Prospect CRM

Prospect eCommerce


What is the most profitable skill you can master online?

By Rob Drummond on Tue 27 September 2011 in Email Marketing

Facebook, Twitter, Linked In, Google Plus… the list of places to promote your business online is getting longer. So as a business, what is the most important skill you need online? The ability to use email effectively. Why?

Because the number of emails – even excluding spam – outnumbers Facebook posts, tweets and webpages four to one. Take a look at the image on the left (original image from ReadWrite).

Most of your competitors are lousy at email. Because email is free, the same incentive doesn’t exist to carefully segment your lists.

Making intelligent use of customer data you already have can both automate your email marketing efforts, and make the messages you send out relevant to your recipients.

The bottom line on new media advertising

If your customers are keen Twitter users, then Twitter as a marketing medium may be a great opportunity for you. Unfortunately, unless you have a passionate ‘tribe’ of customers who talk amongst themselves about your products, share links with each other or post reviews, you may be wasting your time.

Facebook advertising can provide you with cheap traffic, however you need to be careful of advertising ‘wear-out’, as depending on your demographic targeting your ads appear on the same people’s walls again and again.

Also, remember that getting people to click on a Facebook ad to your Facebook page is far easier than getting them to click on a Facebook ad that links to your website. Nobody appreciates being whisked away from the sanctuary of Facebook to an external website. This makes the job of your Facebook page much harder.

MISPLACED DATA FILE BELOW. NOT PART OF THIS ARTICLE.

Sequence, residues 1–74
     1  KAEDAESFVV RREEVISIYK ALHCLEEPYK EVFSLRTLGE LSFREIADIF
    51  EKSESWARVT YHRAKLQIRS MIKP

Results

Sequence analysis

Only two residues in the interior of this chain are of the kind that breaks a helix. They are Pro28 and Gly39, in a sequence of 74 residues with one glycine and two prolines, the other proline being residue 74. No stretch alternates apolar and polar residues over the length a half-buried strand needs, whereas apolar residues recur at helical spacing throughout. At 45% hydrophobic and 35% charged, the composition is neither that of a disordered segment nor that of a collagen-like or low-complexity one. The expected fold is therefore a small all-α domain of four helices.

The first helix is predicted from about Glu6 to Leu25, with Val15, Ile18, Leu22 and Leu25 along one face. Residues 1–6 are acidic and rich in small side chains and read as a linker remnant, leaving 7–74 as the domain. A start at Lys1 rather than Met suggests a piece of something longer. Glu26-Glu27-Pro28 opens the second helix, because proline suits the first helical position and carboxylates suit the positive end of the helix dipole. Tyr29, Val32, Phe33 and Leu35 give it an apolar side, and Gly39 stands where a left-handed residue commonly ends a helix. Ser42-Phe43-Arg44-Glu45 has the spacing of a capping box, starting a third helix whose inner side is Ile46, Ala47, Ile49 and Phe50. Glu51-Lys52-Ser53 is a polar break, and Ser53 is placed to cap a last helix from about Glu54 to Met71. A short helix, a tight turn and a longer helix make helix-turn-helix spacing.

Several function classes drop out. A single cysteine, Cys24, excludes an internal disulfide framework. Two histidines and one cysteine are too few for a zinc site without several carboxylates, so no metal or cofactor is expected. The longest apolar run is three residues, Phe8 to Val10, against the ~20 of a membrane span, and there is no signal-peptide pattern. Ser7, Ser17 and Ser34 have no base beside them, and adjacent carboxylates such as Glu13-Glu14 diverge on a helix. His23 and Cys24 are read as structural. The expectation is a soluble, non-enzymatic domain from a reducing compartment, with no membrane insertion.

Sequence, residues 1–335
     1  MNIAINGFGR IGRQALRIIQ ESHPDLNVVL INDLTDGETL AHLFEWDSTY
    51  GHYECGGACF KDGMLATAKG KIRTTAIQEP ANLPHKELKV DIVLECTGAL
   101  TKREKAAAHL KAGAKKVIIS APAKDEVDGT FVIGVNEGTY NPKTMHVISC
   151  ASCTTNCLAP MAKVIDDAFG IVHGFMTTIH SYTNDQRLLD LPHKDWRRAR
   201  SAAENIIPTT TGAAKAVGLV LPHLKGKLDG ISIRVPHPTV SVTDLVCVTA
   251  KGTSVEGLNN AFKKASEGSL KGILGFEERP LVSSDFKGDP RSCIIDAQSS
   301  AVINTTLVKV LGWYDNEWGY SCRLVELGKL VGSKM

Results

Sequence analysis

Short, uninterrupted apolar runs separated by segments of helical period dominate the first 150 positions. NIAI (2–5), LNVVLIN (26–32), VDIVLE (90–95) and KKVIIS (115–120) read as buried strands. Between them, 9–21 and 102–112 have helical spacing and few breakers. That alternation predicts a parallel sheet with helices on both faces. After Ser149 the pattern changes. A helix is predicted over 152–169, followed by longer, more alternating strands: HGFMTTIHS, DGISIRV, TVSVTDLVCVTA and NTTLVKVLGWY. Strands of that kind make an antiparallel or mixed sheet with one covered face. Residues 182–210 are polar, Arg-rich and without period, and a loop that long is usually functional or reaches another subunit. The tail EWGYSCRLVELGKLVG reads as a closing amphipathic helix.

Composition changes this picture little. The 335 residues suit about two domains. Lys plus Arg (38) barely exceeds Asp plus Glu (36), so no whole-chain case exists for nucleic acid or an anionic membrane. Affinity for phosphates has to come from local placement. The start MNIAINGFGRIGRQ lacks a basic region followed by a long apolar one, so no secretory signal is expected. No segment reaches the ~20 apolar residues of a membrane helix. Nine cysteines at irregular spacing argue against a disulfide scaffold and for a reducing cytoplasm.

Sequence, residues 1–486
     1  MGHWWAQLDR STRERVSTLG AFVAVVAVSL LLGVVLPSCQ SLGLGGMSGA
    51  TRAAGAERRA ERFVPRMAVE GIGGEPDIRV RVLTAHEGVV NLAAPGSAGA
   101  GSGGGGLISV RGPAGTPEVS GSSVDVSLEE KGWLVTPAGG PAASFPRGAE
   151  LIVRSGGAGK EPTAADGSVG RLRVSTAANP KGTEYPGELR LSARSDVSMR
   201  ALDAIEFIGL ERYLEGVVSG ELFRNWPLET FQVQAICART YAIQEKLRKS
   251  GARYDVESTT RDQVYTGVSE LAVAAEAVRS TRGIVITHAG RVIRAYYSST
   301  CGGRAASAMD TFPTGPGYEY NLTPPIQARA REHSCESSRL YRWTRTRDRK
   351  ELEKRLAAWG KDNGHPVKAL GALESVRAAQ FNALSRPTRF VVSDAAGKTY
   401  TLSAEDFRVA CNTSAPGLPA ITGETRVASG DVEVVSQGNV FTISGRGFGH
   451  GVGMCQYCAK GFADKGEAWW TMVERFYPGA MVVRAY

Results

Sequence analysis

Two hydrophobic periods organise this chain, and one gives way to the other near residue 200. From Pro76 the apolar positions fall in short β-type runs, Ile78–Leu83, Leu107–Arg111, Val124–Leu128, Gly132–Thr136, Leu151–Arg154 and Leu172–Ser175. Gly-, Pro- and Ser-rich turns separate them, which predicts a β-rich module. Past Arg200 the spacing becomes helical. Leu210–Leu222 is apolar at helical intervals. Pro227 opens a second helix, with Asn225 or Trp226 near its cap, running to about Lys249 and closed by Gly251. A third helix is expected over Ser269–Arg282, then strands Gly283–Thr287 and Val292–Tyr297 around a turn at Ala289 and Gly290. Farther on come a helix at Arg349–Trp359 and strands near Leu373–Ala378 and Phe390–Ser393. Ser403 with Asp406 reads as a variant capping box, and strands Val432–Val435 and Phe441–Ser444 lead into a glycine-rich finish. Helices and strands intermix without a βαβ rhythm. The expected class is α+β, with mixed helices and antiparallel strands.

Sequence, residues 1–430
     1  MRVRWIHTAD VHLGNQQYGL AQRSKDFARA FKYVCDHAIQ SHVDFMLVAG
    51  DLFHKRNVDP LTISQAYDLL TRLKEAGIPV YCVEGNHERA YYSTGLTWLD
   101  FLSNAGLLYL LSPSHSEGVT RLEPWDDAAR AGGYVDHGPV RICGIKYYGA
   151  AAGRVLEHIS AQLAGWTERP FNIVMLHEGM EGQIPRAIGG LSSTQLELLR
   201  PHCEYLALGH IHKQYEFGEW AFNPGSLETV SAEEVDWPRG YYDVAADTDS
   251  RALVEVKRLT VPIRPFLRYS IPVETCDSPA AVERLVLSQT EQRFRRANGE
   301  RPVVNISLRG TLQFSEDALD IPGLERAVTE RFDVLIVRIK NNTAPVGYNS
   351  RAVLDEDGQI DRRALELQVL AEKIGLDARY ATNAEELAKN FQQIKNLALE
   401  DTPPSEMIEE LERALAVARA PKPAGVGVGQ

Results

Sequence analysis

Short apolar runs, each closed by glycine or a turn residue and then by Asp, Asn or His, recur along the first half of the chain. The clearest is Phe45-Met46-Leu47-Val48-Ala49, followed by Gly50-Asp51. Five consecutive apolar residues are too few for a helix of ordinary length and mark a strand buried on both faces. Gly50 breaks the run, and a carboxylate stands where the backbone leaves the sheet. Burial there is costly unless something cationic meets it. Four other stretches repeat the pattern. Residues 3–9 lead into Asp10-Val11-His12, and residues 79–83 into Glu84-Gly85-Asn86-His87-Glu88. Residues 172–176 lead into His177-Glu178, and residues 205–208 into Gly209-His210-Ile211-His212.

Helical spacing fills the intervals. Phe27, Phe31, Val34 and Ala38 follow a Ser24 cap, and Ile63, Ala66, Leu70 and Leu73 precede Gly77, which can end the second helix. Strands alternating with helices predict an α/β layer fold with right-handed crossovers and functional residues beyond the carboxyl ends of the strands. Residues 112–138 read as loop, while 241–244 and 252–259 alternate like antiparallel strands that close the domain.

Google Plus looks promising, but is barely out of nappies.

So what to focus on?

Regardless of industry what is the only medium your customers ALL use?


Pay attention to new media. But focus your efforts on what works.

If you’ve found that Email Marketing has stopped being effective for your business, I highly suggest taking a look at our Email Marketing. The thing that makes it different is that a CRM (Customer Relationship Management) system runs in the background, linked up to your accounting system. This allows you to:

  • Email high value, lapsed customers with a special promotion
  • Segment your lists based on previous purchases
  • Segment your lists based on email behaviour: do they open and read emails about Email Marketing or CRM, for example
  • Identify your most-interested prospects, and pass this list to your sales team
  • Much more

By making sensible, timely use of customer information, you can produce better returns on investment using email.

Learn more here